It’s posting season, which is one of the most stressful and dreaded seasons for Defence families. First round posting orders typically come out from July with second round in September, with moves typically occurring between December and early February. The duration of posting season is as long as many deployments and neither are a picnic.
For most, Partners takes on most of the planning from house hunting, to researching of the gaining location, hands-on organizing from utilities to school enrolments, pet care or pre-packing, house preparedness, and every other admin task or loose end that comes with posting.
Meanwhile, service members take charge of the Defence-specific aspects including returning losing unit equipment and gaining unit administration.
One thing that is guaranteed in posting season is that even the most seasoned of posters, never knows what posting season will have in store for them.
That said, there is overwhelm you can well and truly avoid. Read on for some overwhelm removal tips.
What you must pre-pack is clothes and personal toiletries. Although speak to any Defence Partner and they will tell you to pack any personal, sentimental, irreplaceable or heirloom items, and personal documents that you NEED to keep in your possession when posting. Find the complete documents checklist here.
When it comes to clothes, start by packing the out of season clothes.
Overall, I try to streamline the process as much as possible. I pre-pack our clothes, personal documents, computers, photo frames and some of my nicer home decor. With our photo frames and home decor, I wrap them with my own bubble wrap but leave them in a corner for the removalists to box up.
I also pre-pack our first night box. Find my first night box checklist here.
When it comes to removals, they tell you to let the removalists pack for insurance. My pro tip is just don’t seal the boxes and ask the removalists to verify the contents and packing of the box, therefore you didn’t pre-pack anything. Alternatively – and only if you want to double handle this – you can pack and stack some boxes in advance and then on the morning of pre-pack just remove the items to the floor next to the box for removalists to repack.
This is something I don’t recommend doing before the posting order is received. Once you have the posting order, you can research the gaining location from DHA suburbs, to employment opportunities, medical providers, education providers and bucket list items. To help with the latter, Military Life x THP posting locations bucket lists are being developed.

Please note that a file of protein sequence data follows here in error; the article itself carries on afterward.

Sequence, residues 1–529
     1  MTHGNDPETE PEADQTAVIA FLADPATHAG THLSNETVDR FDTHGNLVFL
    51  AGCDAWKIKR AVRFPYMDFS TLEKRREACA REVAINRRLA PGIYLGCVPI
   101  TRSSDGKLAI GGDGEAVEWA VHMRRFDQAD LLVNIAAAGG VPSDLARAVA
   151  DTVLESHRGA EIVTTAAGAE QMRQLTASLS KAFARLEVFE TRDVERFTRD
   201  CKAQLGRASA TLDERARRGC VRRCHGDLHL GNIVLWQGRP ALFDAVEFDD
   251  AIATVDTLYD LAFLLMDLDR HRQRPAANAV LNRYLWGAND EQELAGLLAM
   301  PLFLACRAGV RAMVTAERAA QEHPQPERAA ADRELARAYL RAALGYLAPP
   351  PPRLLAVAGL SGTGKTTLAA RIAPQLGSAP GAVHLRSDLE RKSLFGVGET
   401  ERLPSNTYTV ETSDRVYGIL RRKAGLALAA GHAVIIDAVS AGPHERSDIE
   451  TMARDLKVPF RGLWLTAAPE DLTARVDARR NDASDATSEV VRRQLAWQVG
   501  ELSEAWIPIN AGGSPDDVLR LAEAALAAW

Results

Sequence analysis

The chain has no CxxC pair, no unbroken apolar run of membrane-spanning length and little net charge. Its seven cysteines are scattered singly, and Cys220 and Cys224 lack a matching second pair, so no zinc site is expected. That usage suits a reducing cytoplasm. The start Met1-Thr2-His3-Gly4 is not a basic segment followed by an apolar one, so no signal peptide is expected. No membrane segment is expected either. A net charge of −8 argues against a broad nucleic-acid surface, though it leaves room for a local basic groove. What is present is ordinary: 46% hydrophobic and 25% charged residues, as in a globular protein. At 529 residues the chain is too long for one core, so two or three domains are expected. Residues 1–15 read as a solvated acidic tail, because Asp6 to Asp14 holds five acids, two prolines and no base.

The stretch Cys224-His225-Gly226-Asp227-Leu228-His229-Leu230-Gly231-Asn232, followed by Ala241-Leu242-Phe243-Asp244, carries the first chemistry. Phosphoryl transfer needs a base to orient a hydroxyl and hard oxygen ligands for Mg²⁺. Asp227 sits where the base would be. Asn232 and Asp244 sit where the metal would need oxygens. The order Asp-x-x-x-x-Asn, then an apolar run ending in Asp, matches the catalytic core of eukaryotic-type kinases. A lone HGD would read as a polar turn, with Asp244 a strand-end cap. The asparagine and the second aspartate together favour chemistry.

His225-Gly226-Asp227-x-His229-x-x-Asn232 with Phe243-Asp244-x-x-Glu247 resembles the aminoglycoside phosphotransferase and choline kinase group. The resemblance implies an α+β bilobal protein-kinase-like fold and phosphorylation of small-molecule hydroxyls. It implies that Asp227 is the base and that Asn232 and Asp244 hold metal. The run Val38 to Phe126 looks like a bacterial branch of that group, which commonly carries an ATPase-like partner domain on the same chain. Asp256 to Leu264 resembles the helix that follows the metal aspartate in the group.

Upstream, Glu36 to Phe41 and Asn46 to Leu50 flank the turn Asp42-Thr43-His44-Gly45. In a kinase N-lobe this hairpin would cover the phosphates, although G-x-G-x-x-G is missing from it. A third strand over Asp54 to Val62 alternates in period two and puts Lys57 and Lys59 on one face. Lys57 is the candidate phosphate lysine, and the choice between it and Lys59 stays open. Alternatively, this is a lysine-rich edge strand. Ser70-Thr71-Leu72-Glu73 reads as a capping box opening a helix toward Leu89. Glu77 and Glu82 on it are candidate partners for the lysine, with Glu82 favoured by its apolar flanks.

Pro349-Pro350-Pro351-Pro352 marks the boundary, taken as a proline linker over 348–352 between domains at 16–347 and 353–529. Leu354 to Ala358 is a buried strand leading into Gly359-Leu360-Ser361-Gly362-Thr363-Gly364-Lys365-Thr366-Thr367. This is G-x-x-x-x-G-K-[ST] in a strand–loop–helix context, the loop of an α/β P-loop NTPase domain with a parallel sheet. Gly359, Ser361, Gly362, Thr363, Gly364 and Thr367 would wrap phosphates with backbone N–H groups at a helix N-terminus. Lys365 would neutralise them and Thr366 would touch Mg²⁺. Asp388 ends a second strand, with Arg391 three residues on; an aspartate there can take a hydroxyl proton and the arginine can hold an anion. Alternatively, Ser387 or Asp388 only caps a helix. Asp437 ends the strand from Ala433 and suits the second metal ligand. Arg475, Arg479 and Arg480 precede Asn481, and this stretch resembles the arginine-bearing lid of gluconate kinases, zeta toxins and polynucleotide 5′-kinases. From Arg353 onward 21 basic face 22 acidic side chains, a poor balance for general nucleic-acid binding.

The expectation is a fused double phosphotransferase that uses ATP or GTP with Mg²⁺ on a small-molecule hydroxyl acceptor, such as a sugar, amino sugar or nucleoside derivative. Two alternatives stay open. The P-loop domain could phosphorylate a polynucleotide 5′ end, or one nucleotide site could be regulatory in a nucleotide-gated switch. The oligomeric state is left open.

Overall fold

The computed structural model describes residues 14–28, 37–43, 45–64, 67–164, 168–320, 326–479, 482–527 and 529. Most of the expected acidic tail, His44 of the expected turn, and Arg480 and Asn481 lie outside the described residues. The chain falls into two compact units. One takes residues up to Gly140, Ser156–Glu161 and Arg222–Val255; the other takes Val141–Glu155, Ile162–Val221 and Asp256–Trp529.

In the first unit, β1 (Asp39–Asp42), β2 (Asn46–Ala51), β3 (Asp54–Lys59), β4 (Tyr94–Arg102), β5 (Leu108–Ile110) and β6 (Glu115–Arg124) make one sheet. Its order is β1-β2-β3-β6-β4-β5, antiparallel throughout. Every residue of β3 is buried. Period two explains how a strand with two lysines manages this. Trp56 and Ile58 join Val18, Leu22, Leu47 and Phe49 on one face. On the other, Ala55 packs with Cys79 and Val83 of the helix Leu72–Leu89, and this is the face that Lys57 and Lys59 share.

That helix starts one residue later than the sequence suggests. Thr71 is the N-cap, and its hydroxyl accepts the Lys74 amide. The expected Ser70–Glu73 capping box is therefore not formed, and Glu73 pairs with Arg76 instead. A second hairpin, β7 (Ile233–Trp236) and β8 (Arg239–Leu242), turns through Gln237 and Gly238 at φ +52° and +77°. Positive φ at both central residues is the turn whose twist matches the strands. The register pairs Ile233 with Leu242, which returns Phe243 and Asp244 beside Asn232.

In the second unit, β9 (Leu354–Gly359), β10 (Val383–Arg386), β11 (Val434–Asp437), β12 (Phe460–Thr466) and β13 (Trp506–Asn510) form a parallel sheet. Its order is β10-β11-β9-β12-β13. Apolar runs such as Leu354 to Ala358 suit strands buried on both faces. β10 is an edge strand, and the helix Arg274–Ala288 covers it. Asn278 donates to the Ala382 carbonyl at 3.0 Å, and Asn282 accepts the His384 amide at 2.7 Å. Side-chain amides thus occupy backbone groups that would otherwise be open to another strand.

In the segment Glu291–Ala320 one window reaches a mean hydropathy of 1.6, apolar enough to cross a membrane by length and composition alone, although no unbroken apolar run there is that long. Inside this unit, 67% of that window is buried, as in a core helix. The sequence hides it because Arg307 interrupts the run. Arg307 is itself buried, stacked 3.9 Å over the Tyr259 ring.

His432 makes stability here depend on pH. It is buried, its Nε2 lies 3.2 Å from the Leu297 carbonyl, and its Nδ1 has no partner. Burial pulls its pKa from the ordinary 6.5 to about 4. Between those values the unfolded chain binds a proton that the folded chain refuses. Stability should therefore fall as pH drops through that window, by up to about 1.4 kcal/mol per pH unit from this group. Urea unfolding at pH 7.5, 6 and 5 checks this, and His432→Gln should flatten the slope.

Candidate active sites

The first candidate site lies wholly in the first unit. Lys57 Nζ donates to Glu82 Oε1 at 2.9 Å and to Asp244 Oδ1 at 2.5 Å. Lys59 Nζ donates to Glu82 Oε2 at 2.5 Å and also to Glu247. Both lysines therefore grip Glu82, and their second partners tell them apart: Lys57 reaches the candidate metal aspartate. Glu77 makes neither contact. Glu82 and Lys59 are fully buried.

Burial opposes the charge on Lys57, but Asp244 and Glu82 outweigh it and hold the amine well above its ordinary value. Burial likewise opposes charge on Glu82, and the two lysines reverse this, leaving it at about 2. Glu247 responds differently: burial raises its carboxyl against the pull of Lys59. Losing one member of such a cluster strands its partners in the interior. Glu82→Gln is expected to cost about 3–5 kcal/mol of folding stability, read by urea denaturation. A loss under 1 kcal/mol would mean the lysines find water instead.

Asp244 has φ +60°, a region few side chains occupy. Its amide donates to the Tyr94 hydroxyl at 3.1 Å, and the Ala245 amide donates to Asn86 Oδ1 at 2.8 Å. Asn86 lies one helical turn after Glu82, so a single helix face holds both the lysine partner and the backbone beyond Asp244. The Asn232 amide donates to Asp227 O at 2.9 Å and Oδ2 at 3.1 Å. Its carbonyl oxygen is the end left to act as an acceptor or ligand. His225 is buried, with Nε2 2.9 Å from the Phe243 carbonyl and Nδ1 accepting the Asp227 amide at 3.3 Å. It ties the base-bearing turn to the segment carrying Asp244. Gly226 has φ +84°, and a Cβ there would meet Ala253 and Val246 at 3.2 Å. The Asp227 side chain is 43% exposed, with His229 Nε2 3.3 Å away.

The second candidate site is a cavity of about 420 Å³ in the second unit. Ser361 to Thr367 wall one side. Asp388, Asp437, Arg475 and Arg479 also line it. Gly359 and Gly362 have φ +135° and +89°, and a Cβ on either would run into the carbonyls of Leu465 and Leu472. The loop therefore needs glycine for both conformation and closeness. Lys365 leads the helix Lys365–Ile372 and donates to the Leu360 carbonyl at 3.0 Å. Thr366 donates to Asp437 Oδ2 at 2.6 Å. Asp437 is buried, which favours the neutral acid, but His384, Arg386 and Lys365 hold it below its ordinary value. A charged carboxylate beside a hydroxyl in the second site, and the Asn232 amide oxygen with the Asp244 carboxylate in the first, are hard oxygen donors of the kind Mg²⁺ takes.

Start with what you don’t need to take with you. A good declutter will not only lessen pre-pack and uplift time but also it will save you mental clutter and overwhelm at the other end.
To declutter, I start with an assessment of what’s not working in my rooms, as they currently are, then what won’t work for the new floor plan, and anything we’re replacing that we won’t take with us. If you get into the habit of frequently sorting and organising your rooms, you’ll find way less need to declutter with each posting.
Write a list of the supplies you need to keep on hand and not have uplifted. Then organize where you’ll store these during pre-pack and uplift. Murphy’s law says if you leave them in a corner or in sight at all, the movers pack them. I either pop them in the car or at the neighbours before the movers arrive.
Other things to organize include utilities disconnection and reconnection, postal redirection, membership programs and subscription updates.
Decluttering makes completing or updating the inventory quicker and easier too!
Inventory means listing the furniture items in each room for what they are, i.e. large bookcase, 4m long straight lounge with large 1m x 1m ottoman. Then estimate the number of boxes the other items like décor, books and trinkets will occupy when packed up.
Before uplift, take pictures of everything from the different angles you can and video things like electricals while working. If it has a serial number photograph it. I tackle this job one room an evening and then back up my phone photos to the cloud.
Toll will send out a surveyor after your inventory and before your move to confirm the volume of items and size or number of removal containers needed.
You will receive confirmation of who your removalists are from your Toll case manager. You receive a posting kit of a few boxes, usually a few tea chest sized boxes, cartons and 2 port-a-robes (*insufficient I know*).
You can collect boxes from the community ahead of uplift to complete your uplift. Once removalists are assigned, you can also call them before pre-pack or uplift and arrange to pick up boxes from their depot. You only need to do this for what you are pre-packing. Leave the rest of the packing to them!
Removalists Are Due
Removalists will generally be with you between 1-3 days. The first thing they’ll do is what they term pre-pack, which is boxing everything up. Each box receives an inventory sticker with your surname, suburb and box number.
Each box number is listed alongside the room it originates from, which can help at downlift for easily directing movers to rooms.
The removal from losing location occurs the next day or two after pre-pack. Generally, boxes will be left in the rooms they belonged to during pre-pack, so you can add further room name (i.e. living, dining) or colour coded stickers on boxes to further assist with room allocation at downlift.
That’s it, the nuts and bolts or basics of the removal.